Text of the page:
"Strike out from the argument the terms Unconditional, Infinite, Absolute, with their equivalents, and in place of them write 'negation of conceivability', or ‘absence of the conditions under which consciousness is possible', and you find that the argument becomes nonsense ...

"In such correlatives, it is obvious enough that the negative concept contains something besides the negation of the positive one; for the things of which equality is denied are not abolished from consciousness by the denial. . . Our notion of the Limited is composed, firstly of a consciousness of some kind of being, and, secondly, of a consciousness of the limits under which it is known. In the antithetical notion of the Unlimited, the consciousness of limits is abolished, but not the consciousness of some kind of being. . . . The error consists in assuming that consciousness consists of nothing but limits and conditions, to the entire neglect of that which is limited and conditioned. . . . There must be a residuary consciousness of something which filled up their outlines; and the indefinite something constitutes our consciousness of the non-relative or absolute". [Herbert Spencer, First Principles, ch. iv]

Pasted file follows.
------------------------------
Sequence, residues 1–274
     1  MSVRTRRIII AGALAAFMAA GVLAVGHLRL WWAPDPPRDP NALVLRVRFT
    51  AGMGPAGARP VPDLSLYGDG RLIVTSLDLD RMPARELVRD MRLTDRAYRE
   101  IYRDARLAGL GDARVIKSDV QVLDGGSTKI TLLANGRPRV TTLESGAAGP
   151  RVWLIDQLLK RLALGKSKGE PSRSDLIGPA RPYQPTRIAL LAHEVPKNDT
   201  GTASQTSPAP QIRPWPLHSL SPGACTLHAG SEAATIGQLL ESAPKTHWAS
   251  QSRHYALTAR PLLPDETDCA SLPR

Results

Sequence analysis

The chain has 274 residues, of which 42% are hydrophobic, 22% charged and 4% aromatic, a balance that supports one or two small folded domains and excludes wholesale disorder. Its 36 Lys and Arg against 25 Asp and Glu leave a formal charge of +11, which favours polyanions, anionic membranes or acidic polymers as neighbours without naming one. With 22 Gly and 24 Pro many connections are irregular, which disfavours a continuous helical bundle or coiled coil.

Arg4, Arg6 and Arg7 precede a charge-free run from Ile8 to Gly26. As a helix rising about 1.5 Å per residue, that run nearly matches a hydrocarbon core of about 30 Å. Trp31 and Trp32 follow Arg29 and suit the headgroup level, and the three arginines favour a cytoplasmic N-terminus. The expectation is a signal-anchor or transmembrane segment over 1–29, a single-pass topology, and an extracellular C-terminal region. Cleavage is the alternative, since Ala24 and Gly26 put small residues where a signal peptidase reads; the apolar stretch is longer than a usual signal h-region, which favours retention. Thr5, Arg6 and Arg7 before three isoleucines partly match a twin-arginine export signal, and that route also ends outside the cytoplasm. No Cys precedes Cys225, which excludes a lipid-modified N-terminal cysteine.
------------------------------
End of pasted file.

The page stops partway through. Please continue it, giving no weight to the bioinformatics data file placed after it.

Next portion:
Herbert Spencer recognises that this "indefinite consciousness of some sort of being is a positive and indestructible element of thought, and goes so far as to attribute to it the reason for our belief in objective reality, a belief so deeply rooted in us that even the conviction of the imperfection of our senses is not sufficient to destroy it. For a modern, the affirmation that this subtle "something" is the one reality and existence, is apparently the resting of the pyramidal universe on the point of a sharp abstraction: for the ancients, it was precisely this point which was the world, and Parabrahm was the immeasurable and unchangeable base and substratum of all, even of illusion. For, if popular instinct is not wrong in taking the words image, form, appearance, etc., as synonyms of mirage, none the more is vulgar sensation deceived in testifying to us the positive existence of something exterior. When we say that the world of [Page 14] forms is illusory, we do not clearly mean that it does not exist, [Compare The Secret Doctrine, Vol I, 10] but only that its reality is not its appearance, and this cannot be anything else but the appearance of some reality or other. It should be understood that Parabrahm is not only outside the universe, but also in its midst; that it is not an ultimate abstraction nor the residuum of conceptions which are mutually destructive, but an essential condition of thought and being — while, at the same time, it as much transcends thought as it is beyond existence. Thus we have seen that the finite, being infinitely divisible, is placed between the infinitely great and the infinitely small, and, consequently, contains the infinite in itself. Parabrahm is not only the awful reality of the infinite, but also the supreme reality, eternally and universally present beneath the finite. Duration is the primordial element of consciousness, [Compare The Secret Doctrine, Vol I, 73, in voc, Sesha] and Parabrahm is the nought and infinity of duration, the present and the eternal. Space is the most direct object of perception, and Parabrahm is the beginning and end of space, both the point and the unlimited. "In nature nothing is great, nothing is small, and the structure of the minutest molecule which escapes our research can well be as complex as the formation of the planet which gravitates round our sun". [M Roscoe, Progrès de la chimie moderne, Revue Scientifique, 1st Oct, 1887] If each millionth of a second brought distinct sensations or new ideas to our consciousness, would the past moment be of less value to us than a century, and would the extent of the future be less conceivable ? If our world should suddenly be increased by millions of cubits, and we ourselves experience a proportionate growth, what difference should we see in our environment, and would the dark depth be less pricked with less imperceptible points ? If all the choirs of heaven should come and sing our hymns, if every blast of the tempest should come to swell our curses, the great silence would none the less serenely hover o'er both blasphemies and hosannahs. The moment, a nothing placed between the past and the future, and that mathematical abstraction, the point, are non-existent for the same reason as time without limits and space without bounds, and these inconceivables are the signature of Parabrahm in the material world, and without them existence and thought are impossible. The whole of time is in each second, the whole of space in each atom, the least speck of dust is that centre of which the circumference is nowhere, [Compare The Secret Doctrine, Vol I, 114] the fulcrum of all evolution. Human evolution is a copy of cosmic, personal incarnation images the development of the individual, and physical gestation reproduces the history of animal transformation. Molecule, cell, star, solar system, nebulae, and systems of nebulae, are the steps of an infinite, but infinitely regular, ladder and Parabrahm is the Alpha and Omega of this progression. [Ibid, Vol I, 120] For the antithesis between reason and faith, we substitute the distinction between soul and spirit: and to the perplexity of Hamilton between the absolute [Page 15] and infinite, we answer that these two terms without being mutually contradictory, exclude all comparison with the finite and relative: it was by opposing the finite to the infinite that Hamilton failed to escape from a contradiction conceived by himself. If metaphysical logic were still in fashion, it is thus that we should formulate the law of the conditioned: "everything which is finite, that is to say, which has form and is conceivable in thought, is placed between two extremes apparently contradictory but absolutely identical".The finite is comprised between the two infinites of greatness and smallness; but, fundamentally, no matter by what quantity it can be increased or diminished, it remains at equal distance from these imperceptible poles. The infinite is neither long nor short, neither infinitely great nor infinitely small; the infinite and measurement have nothing in common, and cannot be compared or opposed. It is an exaggeration to take the term infinite in the sense of extreme size. Extreme size, as also extreme minuteness, belongs to the infinite, and the infinitely great with its co-equal, the infinitely small, are absorbed in Omnipresence, which is the very condition of the existence of the finite, or that which is unchangeable under apparent variations of time and space.